There are a few things to consider when setting up your hot tub. You want to make sure that you are setting it up in a space that can accommodate the weight and size of the tub.
Here are some things to consider when installing your hot tub:
- Be aware that your hot tub, when filling, can weigh anywhere from 2,000 to 3,500 pounds. So, you need to make sure to set it up in a place that can support its weight.
- Are you going to be using your hot tub in the winter? Are your winters very cold? If you do experience extremely cold winters, you may choose to place your inflatable hot tub in an enclosed area, like a garage. You may want to add some extra insulation between your tub and the ground for protection from freezing temperatures.
- Make sure that you follow any safety guidelines and adhere to any laws that your local area may have when it comes to installing your personal spa tub. If your local area does not have any rules and regulations regarding your hot tub, it is wise to at least follow the steps the CPSC suggests.
- The CPSC suggests that you do such things as: notify your neighbors that you are installing an inflatable hot tub, learn CPR in case of an emergency, keep children away from the hot tub when unsupervised, teach children to swim in order to increase safety, and install a fence around the inflatable hot tub.
- When you are filling your hot tub, you can take a shortcut and add water from your actual water heater to heat the water up faster. Be aware that water in a hot water heater is typically 120 degrees Fahrenheit, so it is 6 degrees hotter than is suggested for the max temperature in a hot tub. However, you can start filling your hot tub with a water hose, and, once it’s about 2/3 of the way full, you can add the hot water for the last 1/3. This way, your water is already hot enough for you to enjoy your hot tub, but it is not too hot to destroy or damage your new personal spa!
- Make sure that you place your hot tub in a space that is close enough to a plug in to be able to bring power to the hot tub, but it cannot be close enough to get splashed. You have to leave room around the tub for safe drainage and splashing.
- If you do install your hot tub in an enclosed space, make sure there is ventilation because of the humidity that your hot tub will create.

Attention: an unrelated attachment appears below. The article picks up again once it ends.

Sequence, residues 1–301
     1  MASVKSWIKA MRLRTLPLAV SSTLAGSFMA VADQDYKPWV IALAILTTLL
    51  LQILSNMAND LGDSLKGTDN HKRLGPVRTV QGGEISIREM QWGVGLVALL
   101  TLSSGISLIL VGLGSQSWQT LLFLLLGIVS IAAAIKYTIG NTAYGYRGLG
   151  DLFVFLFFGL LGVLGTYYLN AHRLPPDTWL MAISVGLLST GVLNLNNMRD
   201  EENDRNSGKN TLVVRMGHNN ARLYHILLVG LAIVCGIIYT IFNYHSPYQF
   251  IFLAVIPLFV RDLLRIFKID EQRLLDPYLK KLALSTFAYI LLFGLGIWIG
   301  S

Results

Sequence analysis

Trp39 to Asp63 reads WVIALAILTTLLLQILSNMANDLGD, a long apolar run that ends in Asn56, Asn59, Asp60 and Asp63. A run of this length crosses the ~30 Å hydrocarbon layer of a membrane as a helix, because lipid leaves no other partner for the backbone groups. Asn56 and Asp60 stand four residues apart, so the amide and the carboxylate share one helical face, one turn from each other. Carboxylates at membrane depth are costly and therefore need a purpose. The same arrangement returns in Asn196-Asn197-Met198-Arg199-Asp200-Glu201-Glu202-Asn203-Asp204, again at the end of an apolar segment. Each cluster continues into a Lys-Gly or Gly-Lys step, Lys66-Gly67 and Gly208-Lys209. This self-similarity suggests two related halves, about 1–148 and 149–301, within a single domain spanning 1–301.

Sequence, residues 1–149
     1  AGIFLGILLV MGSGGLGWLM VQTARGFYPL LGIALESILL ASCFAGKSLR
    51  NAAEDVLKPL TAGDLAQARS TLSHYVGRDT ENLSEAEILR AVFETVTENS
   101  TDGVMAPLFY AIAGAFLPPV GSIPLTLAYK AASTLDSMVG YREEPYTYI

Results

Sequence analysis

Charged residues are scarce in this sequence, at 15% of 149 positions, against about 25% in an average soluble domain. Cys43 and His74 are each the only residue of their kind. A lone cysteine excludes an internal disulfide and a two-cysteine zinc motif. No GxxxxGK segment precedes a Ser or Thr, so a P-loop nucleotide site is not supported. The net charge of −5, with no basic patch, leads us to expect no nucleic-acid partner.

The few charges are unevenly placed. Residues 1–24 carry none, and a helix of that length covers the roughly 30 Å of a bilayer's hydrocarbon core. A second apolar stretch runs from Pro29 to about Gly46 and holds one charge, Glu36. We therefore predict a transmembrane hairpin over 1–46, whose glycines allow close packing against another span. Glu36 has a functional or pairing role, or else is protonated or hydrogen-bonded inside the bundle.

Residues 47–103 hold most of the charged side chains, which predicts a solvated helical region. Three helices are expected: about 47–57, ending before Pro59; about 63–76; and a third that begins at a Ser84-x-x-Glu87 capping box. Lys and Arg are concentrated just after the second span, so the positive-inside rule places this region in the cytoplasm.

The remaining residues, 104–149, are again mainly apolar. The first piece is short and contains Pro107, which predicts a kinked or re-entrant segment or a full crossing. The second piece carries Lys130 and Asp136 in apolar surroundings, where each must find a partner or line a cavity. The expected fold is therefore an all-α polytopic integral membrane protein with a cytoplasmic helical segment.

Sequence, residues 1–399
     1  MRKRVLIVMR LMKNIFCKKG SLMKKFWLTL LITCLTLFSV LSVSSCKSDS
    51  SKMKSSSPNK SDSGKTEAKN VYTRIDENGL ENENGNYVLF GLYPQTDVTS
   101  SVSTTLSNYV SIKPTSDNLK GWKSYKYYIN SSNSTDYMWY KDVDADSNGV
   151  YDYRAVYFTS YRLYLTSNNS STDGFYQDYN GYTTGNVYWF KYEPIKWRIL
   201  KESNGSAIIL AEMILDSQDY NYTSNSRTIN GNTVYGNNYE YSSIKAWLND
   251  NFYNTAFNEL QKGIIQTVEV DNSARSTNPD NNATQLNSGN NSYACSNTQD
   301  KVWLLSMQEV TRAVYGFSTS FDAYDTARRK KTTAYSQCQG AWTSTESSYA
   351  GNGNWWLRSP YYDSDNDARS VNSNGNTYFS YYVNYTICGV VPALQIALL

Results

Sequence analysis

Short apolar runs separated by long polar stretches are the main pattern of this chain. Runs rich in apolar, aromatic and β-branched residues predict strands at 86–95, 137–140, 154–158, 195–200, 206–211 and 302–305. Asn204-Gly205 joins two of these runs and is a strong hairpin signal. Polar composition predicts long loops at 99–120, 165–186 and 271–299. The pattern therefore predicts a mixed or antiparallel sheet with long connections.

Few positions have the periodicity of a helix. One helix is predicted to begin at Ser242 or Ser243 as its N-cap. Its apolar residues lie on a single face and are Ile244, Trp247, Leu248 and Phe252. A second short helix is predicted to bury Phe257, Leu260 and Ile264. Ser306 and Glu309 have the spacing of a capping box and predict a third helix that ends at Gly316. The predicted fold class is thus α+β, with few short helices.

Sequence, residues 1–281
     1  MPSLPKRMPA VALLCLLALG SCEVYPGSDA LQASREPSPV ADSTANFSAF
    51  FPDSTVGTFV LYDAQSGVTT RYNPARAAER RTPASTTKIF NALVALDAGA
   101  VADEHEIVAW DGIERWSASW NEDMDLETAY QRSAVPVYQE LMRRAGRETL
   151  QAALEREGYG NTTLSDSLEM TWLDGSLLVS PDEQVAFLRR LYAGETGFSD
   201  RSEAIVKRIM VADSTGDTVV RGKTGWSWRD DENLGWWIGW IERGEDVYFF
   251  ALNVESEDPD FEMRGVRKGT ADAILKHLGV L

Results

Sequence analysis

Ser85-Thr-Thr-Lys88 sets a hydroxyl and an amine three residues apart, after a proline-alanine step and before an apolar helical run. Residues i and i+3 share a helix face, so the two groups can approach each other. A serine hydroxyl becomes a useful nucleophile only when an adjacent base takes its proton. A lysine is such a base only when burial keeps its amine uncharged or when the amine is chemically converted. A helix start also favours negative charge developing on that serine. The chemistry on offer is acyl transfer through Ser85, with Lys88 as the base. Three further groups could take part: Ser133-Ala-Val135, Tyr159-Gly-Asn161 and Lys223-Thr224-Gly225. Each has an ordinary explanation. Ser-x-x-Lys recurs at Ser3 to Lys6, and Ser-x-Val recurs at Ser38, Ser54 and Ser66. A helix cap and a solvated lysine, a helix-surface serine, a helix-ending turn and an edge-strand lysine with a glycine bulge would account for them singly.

No matter where you decide to install your portable hot tub, the same basic steps will apply:
- Fully clean the area (and the surrounding areas) where you are planning to install your hot tub. You want to make sure there is nothing sharp enough to puncture your inflatable tub and that there are no objects that will cause your tub bottom to not lay flat and be uncomfortable. You could also set up a gravel area to sit it on as well.
- Open the container and make sure that all the parts that are supposed to be in the container are there.
- Locate the protective ground cloth and place it over the spot you are installing your hot tub. If you have anything else to place underneath your hot tub, like extra insulation or hard plastic protective pads, place that down during this step.
- Put your pump and heater unit together.
- Spread your hot tub out over your protective ground cloth. Make sure your hot tub is exactly where you want it because, once it is full, it is quite a process to move it.
- Use the hose included with your pump to blow up the hot tub.
- If your control panel is separate from the heater and pump unit, you should install the control panel at this time.
- Place all of your air filters.
- Make sure the drain is closed.
- Fill the hot tub with water, then add sanitizer to balance out the chemistry of the water.
- Cover your hot tub and turn the heat on.
After these steps are complete, your hot tub will be ready to use within 12 to 24 hours!
Proper Maintenance of an Inflatable Hot Tub
Portable hot tubs are surprisingly easy to maintain as long as you take care of it often and do not leave it to sit for long lengths of time without care.
Covering your hot tub helps tremendously with your filtering maintenance. Make sure to skim the top of your hot tub to grab any leaves or other debris that fall into the tub. Grass often gets tracked into the hot tub if it is outside. A portable spa’s filtration system doesn’t work as well as a built-in hot tub, so it is necessary to help it out a bit by skimming.
Once the filters in your tub become discolored and harden, they need to be replaced. A usable filter is able to be cleaned with plain, fresh water. Once this becomes impossible for the filter, you must change it. Do not try to clean the filter with soap or chemicals because the soap and/or chemicals will flow into your hot tub.
You can purchase Intex PureSpa Filter Cartridges for that.
Draining and Refilling
Draining and refilling of your tub is needed ever 2 to 3 months, depending on how many people are using the tub.